The Argyle Pink Diamond tender happens just once a year, with the locations kept secret, the security high and the 150 bidders carefully vetted. The Argyle Mine owned by Rio Tinto produces 90% of the world’s pink diamonds, but so rare are these stones that a year’s worth of shifting tonnes of earth can be held in a cupped hand, which explains why these stones can sell for over $1 million dollars a carat.
How pink diamonds are formed is an intriguing question that is still being studied. All diamonds were formed under pressure, but nowhere was the pressure greater than in the Argyle pink diamond pipe, where it caused the crystal lattice of the diamonds to compact and twist. This means that light travelling through the stone is bent at a wavelength associated with the far end of the colour spectrum, creating hues of pink, and even red and violet. Unlike yellow diamonds, which have traces of nitrogen, or blue diamonds that have boron, in pink diamonds the colour is unrelated to trace elements – it is all about the way the crystal is structured.
Read more about the history of pink diamonds.
Walking in the hushed tender room, the 63 stones that make up this year’s Chroma collection are neatly lined up in black plastic boxes with acrylic tops. Each diamond rests on a white cushion visible through the top of the boxes and, closely watched by several security guards, what first strikes me is, well, how small they are, so small that they are handled with tweezers. This is because it is extremely unusual to find a top-quality pink diamond of over 1 carat. Josephine Johnson, Manager of Argyle, explains: “To put it into perspective, retailers will often call us asking if we have a 1 carat, round pink diamond and we have to say no. We are lucky to produce 10 1 carat brilliants a year, and there are only three in this year’s production. In fact, less than five a year is the average, so a 1 carat pink diamond engagement ring would in fact be a one-in-a-million gift.”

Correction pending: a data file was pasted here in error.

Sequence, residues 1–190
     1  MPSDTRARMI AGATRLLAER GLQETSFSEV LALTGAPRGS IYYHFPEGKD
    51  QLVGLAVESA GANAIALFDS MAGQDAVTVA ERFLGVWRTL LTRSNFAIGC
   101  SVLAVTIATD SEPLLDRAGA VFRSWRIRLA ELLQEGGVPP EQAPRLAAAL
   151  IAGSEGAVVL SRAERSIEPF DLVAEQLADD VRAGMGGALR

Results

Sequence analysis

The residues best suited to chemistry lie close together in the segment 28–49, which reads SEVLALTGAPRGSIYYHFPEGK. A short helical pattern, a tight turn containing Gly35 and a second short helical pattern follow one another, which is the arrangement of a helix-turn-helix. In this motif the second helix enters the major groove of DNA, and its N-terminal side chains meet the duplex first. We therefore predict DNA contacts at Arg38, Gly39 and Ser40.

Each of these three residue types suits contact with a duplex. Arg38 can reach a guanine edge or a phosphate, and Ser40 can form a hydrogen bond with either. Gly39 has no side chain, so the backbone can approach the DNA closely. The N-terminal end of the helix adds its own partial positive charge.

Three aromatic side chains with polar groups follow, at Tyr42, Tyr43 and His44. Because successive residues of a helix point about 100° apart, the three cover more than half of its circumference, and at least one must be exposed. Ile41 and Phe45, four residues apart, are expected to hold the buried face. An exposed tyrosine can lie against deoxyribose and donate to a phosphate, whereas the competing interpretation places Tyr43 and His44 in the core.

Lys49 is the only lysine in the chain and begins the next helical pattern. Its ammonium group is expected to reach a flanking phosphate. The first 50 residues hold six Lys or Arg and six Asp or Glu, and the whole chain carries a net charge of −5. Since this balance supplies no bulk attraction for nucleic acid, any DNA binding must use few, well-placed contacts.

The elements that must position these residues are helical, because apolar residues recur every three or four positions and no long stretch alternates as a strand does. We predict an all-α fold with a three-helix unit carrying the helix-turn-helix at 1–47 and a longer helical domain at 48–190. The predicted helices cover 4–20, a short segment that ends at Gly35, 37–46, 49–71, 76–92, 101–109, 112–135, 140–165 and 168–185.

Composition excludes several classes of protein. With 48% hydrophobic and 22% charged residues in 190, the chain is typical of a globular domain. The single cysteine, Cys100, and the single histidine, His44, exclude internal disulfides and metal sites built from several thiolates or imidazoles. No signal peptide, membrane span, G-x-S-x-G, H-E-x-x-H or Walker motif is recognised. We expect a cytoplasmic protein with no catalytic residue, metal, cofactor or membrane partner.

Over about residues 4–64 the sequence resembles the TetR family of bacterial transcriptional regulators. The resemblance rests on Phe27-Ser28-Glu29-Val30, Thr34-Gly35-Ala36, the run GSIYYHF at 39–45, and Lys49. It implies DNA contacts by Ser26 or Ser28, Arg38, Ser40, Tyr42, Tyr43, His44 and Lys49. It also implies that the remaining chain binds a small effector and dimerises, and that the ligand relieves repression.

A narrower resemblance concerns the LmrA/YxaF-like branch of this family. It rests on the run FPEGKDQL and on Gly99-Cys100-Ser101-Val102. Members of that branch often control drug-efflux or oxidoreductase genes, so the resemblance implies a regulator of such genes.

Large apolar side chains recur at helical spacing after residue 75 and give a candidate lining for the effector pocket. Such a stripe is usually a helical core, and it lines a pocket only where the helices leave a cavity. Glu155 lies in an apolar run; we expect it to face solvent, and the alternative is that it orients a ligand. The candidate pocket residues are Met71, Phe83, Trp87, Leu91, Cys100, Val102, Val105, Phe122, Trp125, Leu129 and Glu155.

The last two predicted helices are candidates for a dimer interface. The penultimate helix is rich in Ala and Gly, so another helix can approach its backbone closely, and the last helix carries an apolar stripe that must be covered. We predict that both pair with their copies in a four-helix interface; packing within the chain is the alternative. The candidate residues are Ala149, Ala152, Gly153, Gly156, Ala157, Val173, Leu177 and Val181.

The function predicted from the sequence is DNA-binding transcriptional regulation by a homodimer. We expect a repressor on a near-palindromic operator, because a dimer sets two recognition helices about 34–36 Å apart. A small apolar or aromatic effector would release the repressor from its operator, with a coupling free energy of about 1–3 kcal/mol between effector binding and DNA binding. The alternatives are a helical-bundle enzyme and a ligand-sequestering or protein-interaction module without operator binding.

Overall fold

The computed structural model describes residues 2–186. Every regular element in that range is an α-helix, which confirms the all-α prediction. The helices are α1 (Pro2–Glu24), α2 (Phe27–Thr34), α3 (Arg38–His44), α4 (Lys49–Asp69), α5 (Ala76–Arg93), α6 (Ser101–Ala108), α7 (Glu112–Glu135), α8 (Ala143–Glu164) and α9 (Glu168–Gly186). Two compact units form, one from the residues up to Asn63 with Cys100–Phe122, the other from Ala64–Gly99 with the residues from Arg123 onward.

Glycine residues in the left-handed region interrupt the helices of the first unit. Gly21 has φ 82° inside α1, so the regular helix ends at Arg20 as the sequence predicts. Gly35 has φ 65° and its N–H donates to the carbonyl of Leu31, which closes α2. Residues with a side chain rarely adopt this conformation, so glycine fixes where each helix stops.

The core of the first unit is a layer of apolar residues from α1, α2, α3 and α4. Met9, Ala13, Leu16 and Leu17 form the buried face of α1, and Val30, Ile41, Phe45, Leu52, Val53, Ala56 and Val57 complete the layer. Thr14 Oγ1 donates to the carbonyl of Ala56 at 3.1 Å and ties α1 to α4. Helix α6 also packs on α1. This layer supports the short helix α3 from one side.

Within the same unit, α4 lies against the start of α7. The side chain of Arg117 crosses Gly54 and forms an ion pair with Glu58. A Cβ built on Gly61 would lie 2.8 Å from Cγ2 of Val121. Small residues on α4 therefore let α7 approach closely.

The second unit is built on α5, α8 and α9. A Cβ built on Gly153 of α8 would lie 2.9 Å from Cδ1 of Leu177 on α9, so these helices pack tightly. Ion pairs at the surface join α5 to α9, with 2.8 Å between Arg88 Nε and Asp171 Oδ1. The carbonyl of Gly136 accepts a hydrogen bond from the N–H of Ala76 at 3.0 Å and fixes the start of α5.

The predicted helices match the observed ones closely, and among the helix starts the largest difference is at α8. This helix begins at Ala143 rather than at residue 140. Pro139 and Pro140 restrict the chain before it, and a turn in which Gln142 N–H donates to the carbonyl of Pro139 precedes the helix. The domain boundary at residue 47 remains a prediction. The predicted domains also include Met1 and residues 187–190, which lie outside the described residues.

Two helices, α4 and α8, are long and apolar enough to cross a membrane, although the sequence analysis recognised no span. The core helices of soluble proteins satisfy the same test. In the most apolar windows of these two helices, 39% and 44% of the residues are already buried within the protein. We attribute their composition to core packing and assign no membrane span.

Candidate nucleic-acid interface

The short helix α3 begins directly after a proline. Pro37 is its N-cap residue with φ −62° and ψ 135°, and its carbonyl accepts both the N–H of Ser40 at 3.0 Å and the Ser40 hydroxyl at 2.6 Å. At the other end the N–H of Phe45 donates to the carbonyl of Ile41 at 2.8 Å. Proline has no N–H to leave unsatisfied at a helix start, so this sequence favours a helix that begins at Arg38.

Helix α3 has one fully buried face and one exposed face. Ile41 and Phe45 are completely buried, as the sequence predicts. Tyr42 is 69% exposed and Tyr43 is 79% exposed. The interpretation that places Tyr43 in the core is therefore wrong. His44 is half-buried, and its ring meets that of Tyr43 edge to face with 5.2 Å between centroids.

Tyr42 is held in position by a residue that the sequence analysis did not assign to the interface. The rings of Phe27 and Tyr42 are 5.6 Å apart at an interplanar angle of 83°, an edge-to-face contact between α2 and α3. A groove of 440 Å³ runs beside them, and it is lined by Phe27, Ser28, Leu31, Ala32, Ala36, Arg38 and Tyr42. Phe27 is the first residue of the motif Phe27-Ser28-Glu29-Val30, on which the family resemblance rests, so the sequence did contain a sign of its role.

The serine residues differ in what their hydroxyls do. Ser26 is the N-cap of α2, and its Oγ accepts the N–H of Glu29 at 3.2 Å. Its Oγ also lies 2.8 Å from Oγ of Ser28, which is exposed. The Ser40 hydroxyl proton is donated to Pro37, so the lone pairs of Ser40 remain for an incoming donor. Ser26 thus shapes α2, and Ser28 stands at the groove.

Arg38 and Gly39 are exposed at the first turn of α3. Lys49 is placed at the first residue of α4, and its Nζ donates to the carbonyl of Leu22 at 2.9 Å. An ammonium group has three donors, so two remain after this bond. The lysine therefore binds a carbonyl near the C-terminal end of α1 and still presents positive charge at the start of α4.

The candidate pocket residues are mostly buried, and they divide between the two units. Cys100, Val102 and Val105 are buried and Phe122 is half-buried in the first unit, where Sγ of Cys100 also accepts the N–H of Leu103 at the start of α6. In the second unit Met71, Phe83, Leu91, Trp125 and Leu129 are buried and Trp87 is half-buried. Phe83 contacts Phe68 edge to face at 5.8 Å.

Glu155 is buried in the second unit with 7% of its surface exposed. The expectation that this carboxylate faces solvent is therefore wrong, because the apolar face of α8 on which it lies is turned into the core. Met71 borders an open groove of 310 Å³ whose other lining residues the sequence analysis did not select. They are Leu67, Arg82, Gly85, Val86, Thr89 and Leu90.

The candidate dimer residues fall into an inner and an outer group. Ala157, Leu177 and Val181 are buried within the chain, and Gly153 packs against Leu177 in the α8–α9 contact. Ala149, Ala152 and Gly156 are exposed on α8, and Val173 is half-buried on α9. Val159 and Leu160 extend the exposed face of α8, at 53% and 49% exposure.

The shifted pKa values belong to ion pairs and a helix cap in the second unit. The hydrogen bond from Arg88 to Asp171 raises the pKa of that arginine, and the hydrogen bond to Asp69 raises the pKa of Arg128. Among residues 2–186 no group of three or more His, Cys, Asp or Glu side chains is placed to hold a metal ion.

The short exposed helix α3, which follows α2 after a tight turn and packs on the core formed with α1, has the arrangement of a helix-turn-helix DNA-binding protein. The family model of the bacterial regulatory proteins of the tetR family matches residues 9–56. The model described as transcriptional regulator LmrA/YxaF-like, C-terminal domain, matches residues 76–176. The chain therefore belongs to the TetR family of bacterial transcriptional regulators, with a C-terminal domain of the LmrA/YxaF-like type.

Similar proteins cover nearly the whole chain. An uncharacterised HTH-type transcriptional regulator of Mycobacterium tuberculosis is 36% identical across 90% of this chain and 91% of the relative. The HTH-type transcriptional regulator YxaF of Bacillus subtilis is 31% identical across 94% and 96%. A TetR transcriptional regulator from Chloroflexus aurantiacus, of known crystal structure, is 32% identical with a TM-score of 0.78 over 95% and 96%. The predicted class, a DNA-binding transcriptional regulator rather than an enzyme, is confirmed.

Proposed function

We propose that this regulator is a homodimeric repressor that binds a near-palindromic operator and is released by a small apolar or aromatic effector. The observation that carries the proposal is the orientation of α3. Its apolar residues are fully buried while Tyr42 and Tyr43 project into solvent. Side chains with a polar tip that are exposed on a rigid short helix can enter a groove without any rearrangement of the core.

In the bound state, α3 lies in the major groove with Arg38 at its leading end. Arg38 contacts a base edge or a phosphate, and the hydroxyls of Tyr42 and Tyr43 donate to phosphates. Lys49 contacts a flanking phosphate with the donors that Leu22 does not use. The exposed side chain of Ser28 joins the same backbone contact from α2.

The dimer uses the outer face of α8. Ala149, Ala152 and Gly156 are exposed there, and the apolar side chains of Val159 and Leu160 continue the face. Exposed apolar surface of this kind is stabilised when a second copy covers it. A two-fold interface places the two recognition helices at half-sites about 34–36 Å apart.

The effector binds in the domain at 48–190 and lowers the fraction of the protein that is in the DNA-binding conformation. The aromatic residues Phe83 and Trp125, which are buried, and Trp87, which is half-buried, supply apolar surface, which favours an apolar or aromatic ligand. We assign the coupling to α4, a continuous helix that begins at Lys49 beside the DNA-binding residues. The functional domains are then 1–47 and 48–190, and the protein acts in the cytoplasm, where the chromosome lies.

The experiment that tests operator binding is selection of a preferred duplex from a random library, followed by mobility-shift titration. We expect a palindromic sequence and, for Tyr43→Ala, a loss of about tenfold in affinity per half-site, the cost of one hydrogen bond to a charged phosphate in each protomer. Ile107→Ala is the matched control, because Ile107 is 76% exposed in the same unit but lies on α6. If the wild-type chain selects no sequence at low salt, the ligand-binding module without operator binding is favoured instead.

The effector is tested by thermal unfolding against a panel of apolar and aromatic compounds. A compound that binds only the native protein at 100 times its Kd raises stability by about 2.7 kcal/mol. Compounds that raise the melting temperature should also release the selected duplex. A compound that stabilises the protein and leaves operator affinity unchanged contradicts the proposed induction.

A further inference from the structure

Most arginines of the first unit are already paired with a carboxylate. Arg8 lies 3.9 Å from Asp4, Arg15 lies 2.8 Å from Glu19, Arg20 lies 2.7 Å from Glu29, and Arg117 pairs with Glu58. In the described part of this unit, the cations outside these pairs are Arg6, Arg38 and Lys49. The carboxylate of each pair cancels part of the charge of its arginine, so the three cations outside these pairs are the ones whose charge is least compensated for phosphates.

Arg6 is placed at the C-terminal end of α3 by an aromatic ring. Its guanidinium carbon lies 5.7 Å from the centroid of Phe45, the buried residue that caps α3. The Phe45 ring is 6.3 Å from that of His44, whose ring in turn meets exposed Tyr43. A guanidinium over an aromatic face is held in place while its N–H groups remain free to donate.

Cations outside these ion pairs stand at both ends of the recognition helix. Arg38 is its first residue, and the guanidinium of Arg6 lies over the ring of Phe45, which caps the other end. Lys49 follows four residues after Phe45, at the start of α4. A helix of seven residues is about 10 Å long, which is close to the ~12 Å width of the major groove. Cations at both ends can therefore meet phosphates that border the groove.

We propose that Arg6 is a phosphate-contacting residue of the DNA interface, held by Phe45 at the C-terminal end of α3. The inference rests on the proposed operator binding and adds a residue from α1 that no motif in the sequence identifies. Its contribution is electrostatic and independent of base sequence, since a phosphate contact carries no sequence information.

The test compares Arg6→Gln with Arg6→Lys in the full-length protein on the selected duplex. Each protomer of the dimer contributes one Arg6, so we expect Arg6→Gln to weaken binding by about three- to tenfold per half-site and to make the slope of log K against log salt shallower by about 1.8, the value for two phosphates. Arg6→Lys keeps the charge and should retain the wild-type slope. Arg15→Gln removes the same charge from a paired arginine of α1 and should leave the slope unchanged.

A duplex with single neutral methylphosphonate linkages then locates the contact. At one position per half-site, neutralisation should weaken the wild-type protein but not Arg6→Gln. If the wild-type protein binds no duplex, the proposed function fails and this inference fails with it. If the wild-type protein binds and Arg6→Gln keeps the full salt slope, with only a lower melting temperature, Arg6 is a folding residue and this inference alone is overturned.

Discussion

Billed as the most exclusive diamond sale in the world, the Argyle Pink Diamond tender is strictly by invitation only, with bidders arriving for a two-hour viewing armed with nothing more than a loupe and a cool head. With approximately two minutes to view each diamond, pencil in hand, the diamantaires and jewellers enter their bids into the secret tender and wait to hear if their offer has been successful. With only 63 stones between over 100 bidders, it is rare for any one jeweller to take home more than one or two.
The day I visited, Jody Wainwright, gemmologist at Boodles, the British jeweller, was inspecting the stones and making his bids. This is the first time that Boodles has been invited to bid, and Wainwright shared his insight into why the Argyle Viva has caught his eye. He is hoping to buy eight of the stones.
Watch our video of Jody Wainwright at the tender admiring the "bubblegum pink" Argyle Viva diamond: